Harry Dean Stanton Fest: Michelle Phillips' power of persuasion brings actor back to old Kentucky home

rcopley@herald-leader.comJune 12, 2014 


    Harry Dean Stanton Fest

    What: Fourth annual film festival celebrating the West Irvine native and celebrated actor.

    When: June 13-15

    Where: Various venues

    Learn more: Harrydeanstantonfest.org


    Cool Hand Luke (1967). Starring Paul Newman. Part of Fountain Films on Friday. Dusk June 13. Triangle Park, Broadway and Main St. Free.

    Repo Man (1984). Co-starring Emilio Estevez. 12:01 a.m. June 14. Kentucky Theater, 214 E. Main St. $6.

    Christine (1983). Based on Stephen King's novel, directed by John Carpenter, who grew up in Bowling Green. 2 p.m. June 14. Central Library Farish Theatre, 140 E. Main St. Free.

    Escape From New York (1981). Co-starring Kurt Russell, directed by Carpenter. 7 p.m. June 14. Farish Theatre. Free.

    Escape will be followed by a party featuring a salute to the 1970s and '80s CBGBs scene in New York performed by Palisades. About 9 p.m. June 14. The Green Lantern, 497 W. Third St. $5.

    The Missouri Breaks (1976). Starring Jack Nicholson and Marlon Brando. 2 p.m. June 15. Farish Theatre. Free.

    Dillinger (1973). 7 p.m. June 15. Kentucky Theater. $7.

    ■ After the screening, Stanton and Michelle Phillips will discuss the film, their 40-year friendship and their careers.

    ■ Tickets to an afterparty at The Bar Complex, $60, are available at the festival website.

Reflecting on her more than four-decade friendship with Harry Dean Stanton, singer and actress Michelle Phillips says, "He always comes to my parties."

This spring, she thought it fell to her to make sure the West Irvine native got to his own party.

For three years, the Lexington Film League has presented the Harry Dean Stanton Fest in honor of the Kentucky-born actor featured in films such as Pretty in Pink (1986), Alien (1979) and Paris, Texas (1984). But, although he has worked and stayed in touch with festival organizers, Stanton has always sent his regrets.

When Phillips was invited to be the celebrity guest for a screening of Dillinger, the 1973 film she did with Stanton, she wasn't having any of her colleague's excuses.

"I called him up and said, 'What do you mean you're not going to your own film festival?'" Phillips said. Imitating her friend's drawl, she says he replied, "'Well, I don't like to fly.' I said, 'Well, you've been in a plane,' and he says, 'Yeah.' And I said, 'Well, I think you ought to get your little butt down there.'

"So he says, 'You goin'?' and I said yes, and he said, 'OK. I'll put it on the front burner.'"

So, the fourth edition of the Harry Dean Stanton Fest will have Phillips, the only surviving member of the 1960s folk-pop quartet The Mamas and the Papas, who since has enjoyed a busy acting career.

And it will get the festival's namesake for a gala event Sunday at The Kentucky Theatre featuring a screening of the gangster flick Phillips describes as a romp across Oklahoma.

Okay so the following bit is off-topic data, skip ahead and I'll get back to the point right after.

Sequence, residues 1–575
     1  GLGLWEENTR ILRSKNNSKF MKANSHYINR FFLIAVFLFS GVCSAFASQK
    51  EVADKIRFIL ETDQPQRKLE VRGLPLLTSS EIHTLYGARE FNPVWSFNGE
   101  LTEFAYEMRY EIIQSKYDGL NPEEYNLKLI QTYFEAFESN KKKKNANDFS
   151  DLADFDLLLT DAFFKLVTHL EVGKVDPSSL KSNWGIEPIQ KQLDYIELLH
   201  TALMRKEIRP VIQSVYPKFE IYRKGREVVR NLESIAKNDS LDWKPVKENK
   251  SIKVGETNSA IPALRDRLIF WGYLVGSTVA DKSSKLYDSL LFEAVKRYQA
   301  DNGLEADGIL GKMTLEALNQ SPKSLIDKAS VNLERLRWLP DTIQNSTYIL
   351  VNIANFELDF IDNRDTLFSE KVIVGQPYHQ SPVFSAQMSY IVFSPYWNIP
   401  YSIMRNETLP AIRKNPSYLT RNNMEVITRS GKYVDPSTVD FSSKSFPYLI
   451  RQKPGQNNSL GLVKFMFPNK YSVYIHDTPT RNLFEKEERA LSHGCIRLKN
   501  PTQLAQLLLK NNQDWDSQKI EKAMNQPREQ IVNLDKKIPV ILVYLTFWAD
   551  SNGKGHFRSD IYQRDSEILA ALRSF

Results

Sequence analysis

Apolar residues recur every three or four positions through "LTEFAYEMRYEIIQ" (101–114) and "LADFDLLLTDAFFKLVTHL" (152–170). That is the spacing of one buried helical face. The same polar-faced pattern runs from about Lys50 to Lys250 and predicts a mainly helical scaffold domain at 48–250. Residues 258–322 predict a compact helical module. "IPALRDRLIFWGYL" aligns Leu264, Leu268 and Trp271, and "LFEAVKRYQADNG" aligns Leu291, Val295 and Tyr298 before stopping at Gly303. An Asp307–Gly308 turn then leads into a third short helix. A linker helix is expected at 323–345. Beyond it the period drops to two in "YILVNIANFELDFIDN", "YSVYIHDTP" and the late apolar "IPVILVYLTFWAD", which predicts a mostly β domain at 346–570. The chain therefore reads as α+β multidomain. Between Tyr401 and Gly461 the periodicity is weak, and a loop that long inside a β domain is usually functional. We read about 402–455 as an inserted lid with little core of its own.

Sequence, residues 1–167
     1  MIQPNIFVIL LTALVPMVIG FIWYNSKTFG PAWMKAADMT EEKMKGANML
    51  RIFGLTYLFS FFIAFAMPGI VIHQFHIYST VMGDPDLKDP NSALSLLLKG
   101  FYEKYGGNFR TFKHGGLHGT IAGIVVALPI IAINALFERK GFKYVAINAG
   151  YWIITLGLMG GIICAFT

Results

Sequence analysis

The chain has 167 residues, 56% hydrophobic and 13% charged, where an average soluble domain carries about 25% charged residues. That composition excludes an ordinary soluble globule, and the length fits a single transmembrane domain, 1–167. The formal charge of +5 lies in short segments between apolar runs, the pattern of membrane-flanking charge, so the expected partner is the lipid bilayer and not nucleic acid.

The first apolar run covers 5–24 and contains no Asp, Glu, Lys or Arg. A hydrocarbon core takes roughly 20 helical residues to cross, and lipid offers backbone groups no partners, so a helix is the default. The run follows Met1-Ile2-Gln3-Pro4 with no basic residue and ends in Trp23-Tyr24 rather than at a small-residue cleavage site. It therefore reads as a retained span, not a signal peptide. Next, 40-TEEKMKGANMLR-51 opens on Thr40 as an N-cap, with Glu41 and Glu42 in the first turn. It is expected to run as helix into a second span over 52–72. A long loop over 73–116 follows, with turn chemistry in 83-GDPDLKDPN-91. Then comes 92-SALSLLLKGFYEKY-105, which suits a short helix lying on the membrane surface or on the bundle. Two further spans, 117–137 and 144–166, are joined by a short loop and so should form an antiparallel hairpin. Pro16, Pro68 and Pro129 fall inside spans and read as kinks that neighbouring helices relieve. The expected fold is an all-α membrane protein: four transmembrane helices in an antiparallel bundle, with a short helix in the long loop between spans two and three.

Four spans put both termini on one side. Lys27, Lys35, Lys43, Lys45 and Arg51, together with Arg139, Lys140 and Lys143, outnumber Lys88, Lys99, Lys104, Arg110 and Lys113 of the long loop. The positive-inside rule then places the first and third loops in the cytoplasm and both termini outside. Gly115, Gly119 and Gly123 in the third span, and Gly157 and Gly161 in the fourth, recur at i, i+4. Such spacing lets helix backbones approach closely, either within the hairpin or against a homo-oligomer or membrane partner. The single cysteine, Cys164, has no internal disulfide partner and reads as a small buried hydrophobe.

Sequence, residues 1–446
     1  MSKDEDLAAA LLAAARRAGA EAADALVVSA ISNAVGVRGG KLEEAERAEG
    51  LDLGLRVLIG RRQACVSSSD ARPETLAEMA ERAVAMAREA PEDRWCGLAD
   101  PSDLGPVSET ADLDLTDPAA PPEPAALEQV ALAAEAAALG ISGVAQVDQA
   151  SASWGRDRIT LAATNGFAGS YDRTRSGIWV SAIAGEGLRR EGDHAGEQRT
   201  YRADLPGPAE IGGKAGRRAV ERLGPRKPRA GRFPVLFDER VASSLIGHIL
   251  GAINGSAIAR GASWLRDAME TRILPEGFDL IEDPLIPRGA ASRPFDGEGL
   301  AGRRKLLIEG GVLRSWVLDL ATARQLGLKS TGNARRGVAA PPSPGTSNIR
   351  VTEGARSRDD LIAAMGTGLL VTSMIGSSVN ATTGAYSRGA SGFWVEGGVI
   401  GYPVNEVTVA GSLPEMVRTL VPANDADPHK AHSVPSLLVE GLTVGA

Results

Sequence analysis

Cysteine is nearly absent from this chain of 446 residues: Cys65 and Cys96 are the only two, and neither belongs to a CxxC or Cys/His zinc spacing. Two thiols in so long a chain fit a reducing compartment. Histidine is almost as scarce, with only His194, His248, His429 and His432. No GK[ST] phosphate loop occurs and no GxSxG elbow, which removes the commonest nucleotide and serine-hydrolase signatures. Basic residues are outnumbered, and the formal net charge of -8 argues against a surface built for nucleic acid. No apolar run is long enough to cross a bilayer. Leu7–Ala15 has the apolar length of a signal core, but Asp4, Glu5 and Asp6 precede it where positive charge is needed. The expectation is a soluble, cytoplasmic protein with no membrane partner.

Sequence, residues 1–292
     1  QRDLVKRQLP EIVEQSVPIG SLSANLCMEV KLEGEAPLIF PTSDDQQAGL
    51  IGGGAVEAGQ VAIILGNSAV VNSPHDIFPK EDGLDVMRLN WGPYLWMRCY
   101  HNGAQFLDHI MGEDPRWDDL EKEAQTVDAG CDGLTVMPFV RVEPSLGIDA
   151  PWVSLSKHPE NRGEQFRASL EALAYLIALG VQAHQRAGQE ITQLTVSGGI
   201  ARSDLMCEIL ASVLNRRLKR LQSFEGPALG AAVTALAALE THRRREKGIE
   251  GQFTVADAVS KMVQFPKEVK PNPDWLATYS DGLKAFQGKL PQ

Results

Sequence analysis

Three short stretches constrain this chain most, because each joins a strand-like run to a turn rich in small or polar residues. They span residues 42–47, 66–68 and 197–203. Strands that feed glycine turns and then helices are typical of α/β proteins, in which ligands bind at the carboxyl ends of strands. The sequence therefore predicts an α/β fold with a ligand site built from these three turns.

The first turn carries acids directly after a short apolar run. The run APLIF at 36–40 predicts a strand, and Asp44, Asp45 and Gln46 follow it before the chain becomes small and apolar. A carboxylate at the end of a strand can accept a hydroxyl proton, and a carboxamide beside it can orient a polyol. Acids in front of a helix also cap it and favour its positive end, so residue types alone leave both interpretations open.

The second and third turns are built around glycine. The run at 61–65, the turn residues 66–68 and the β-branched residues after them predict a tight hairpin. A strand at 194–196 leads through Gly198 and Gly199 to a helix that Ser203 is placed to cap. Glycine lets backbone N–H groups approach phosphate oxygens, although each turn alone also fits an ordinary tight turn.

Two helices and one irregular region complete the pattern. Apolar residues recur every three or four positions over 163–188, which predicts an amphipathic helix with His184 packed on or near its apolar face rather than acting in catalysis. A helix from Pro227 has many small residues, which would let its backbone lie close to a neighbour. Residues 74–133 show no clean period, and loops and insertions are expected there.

Phillips says it started with her lying to Dillinger director John Milius. She told him she was part Cherokee to help make her seem more suited to the role of Dillinger's girlfriend, Billie Frechette, who was part Native American.

"He gave me the part, and this merry band of actors went off to Oklahoma, and we spent six weeks in Enid, Ardmore and Oklahoma City," Phillips said. "We all stayed together as a group because the scenes consisted of the gangs, almost entirely.

"We were riding around in motor homes, and playing guitar and singing. It was the most fun shoot I have ever been on."

She and Stanton, now 87, were already friends through mutual pal Jack Nicholson. But still, she was thrilled to work with Stanton — "he was already a legend," she says.

Stanton, who was born in Estill County and attended Lafayette High School and the University of Kentucky in Lexington, played Homer Van Meter, an associate of Dillinger. The title role was played by another Kentuckian, Warren Oates, a native of Muhlenberg County who died in 1982.

"It was a joy to work with him, and he made me so comfortable, knowing it was my first film," Phillips says.

One thing Phillips has in common with her Kentucky friends is a love of horses and racing. She has been to the Kentucky Derby a number of times and just celebrated her 70th birthday in a private suite at Santa Anita Park racetrack, outside Los Angeles.

"It was the best birthday I have ever had," Phillips says. "I frequent any track."

Coming to Central Kentucky for the first time, Phillips is intent on taking in some of the area's equine culture — though she's not making any demands.

"One thing I learned a long time ago is never mess with Southern hospitality," says Phillips, a native Californian. "You guys always have it all planned out so much better than I could ever ask for."

The trip is scheduled to end with a trip with Stanton back to Los Angeles, where they both live. There, Phillips is working on a film project that will take her back to the beginning of her career: a biopic of The Mamas and the Papas, the band that included Denny Doherty, "Mama" Cass Elliot and Phillips' husband of seven years, John Phillips.

She has teamed with Jersey Boys writers Marshall Brickman and Rick Elice to write the screenplay. Brickman was in a band with Phillips before The Mamas and the Papas, and with Woody Allen, he won the Academy Award for best original screenplay in 1977 for Annie Hall.

"We're putting the finishing touches on a script that Marshall and Rick wrote, and we'll be out there finding a great director for it and then making a deal," she says.

Having seen Phillips' powers of persuasion in action, we ought to expect to see that movie soon.

Rich Copley: (859) 231-3217. Email: rcopley@herald-leader.com. Twitter: @copiousnotes.

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